Globe and Mail Update
B.C. MP Blair Wilson says he wants the Liberal Party to reinstate his membership following what he describes as his exoneration by Elections Canada into whether he violated federal election rules on campaign spending.
Mr. Wilson, who currently sits as an independent, said during a phone interview on Saturday that he was “happy and relieved” by Election Canada's findings.
“I'm confident that since I've been cleared ... the National Liberal Caucus, the leader of the Liberal Party, and all good Liberals will support me in my cause to join the [caucus], and that they will also support me as the Liberal Party's next candidate,” he said.
The first formal opportunity Mr. Wilson will have to put his case to the Liberal Party leadership is during the party's national caucus, which is scheduled for Aug. 19.
“I've maintained my position as a loyal Liberal. I'm a Liberal at heart and I've been actively supporting the Liberal Party's position in the House of Commons, and in the riding,” he said.
“I leave it in [Liberal Leader Stéphane Dion's] hands as to how he wants to handle it. It's his decision.”
Mr. Wilson would not comment on what his plans might be if the Liberal Party refuses to reinstate him.
On Friday, Elections Canada announced that Mr. Wilson had acknowledged three violations of the Canada Elections Act when he ran for the riding of West Vancouver-Sunshine Coast-Sea to Sky Country in the 2006 federal election.
The West Vancouver MP admitted that a donation of 144 printed umbrellas, worth $711, and expenses of $9,000 he spent on brochures, business cards and Christmas cards, were not declared.
Elections Canada also added that Mr. Wilson had failed to appoint an official agent and auditor before accepting a contribution or incurring an electoral campaign expense.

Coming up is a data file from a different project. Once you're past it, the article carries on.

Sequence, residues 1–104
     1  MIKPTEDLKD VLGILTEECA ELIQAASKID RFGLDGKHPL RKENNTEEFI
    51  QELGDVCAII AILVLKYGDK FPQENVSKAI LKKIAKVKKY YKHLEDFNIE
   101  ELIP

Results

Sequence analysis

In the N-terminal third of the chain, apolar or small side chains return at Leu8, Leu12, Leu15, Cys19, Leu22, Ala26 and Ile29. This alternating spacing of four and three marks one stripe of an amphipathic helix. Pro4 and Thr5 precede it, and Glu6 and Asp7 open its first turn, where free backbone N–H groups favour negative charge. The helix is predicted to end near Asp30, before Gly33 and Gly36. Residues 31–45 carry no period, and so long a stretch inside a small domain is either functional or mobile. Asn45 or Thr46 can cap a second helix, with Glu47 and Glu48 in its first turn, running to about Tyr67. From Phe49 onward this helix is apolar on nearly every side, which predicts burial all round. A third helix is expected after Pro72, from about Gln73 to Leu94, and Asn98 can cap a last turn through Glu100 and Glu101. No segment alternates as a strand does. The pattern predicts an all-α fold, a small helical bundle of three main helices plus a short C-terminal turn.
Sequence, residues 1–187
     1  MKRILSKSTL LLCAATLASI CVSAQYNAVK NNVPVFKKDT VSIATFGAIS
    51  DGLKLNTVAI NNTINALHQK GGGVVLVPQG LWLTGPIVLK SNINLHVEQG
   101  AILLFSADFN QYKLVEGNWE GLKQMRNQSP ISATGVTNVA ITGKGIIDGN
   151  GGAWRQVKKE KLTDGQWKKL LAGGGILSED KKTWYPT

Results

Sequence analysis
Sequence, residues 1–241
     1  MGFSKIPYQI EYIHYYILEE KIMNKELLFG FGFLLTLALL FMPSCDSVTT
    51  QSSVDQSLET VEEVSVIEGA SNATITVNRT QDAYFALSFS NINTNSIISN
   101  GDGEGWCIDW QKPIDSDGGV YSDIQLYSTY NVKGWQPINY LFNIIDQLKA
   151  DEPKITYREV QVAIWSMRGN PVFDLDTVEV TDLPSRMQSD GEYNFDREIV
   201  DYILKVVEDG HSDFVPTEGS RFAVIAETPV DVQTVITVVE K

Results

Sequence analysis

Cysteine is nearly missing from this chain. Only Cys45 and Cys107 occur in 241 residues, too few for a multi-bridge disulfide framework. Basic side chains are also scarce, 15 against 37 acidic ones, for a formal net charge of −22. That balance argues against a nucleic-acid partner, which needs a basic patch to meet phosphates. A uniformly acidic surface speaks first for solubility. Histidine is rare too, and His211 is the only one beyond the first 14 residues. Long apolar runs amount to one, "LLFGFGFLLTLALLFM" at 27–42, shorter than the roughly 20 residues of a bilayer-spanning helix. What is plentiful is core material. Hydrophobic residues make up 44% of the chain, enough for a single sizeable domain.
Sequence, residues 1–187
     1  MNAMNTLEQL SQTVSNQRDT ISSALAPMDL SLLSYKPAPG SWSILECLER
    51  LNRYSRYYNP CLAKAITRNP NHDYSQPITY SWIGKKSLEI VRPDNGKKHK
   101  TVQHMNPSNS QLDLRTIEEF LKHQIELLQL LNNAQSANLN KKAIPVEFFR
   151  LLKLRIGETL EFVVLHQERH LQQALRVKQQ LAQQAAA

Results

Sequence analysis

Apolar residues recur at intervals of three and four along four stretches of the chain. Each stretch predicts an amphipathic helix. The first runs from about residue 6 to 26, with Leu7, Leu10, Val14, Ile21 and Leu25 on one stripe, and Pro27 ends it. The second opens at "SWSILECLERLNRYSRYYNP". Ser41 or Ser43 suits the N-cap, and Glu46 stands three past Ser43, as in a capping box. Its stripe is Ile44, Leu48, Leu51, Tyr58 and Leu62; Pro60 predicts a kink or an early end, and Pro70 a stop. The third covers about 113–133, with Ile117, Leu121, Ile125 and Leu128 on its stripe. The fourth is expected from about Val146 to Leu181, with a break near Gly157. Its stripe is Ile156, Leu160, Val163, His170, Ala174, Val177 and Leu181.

In his report, Commissioner of Elections William Corbett said other allegations were unfounded or insufficiently substantiated. A notice of compliance issued by Mr. Corbett means Mr. Wilson won't be prosecuted, accepts responsibility, and, by doing so, agrees to abide by the rules in future.
Mr. Wilson said he had himself initially approached Elections Canada to launch a review of his campaign expenses, contrary to reports that it had stemmed from an anonymous complaint.
He added that there was a list of allegations and the Elections Canada findings clear him of most of them.
“I definitely agree [to accept the three charges]. Honest mistakes were made; it was a long campaign and campaigns are complex,” said Mr. Wilson.
“I think the important thing in the end is that Elections Canada has cleared me, and, as well, I think it is important how you deal with those issues, and I dealt with them responsibly with Elections Canada and I signed off on an agreement with them. They agreed that I have complied and that my total expenses were under the maximum allowable cap.”
Media reports in October quoted Liberal insiders who worked for Mr. Wilson as saying he failed to report all his spending and made election purchases with cash, leaving no paper trail.
In October, Mr. Wilson stepped down from his position as revenue critic for the Liberal Party over financial allegations by his father-in-law Bill Lougheed.
Mr. Lougheed recently dropped a lawsuit against Mr. Wilson and his stepdaughter to recover as much as $1.5-million, saying his late wife, Norma, Ms. Wilson's mother, had lent the money to them to buy several homes over the years.
In December, the party sent Mr. Wilson a letter saying it was conducting an internal review of whether he failed to disclose information about past court proceedings and election spending, which meant he couldn't run as a candidate.
Party spokeswoman Elizabeth Whiting said at the time that Mr. Wilson failed to reveal the information on his nomination forms three times – in 2004, 2006 and during the current nomination process.
Mr. Wilson said he would not point fingers over what he said amounted to a “well-orchestrated smear campaign,” but added he “wouldn't wish it on anybody.”
Special to The Globe and Mail, with a report from The Canadian Press.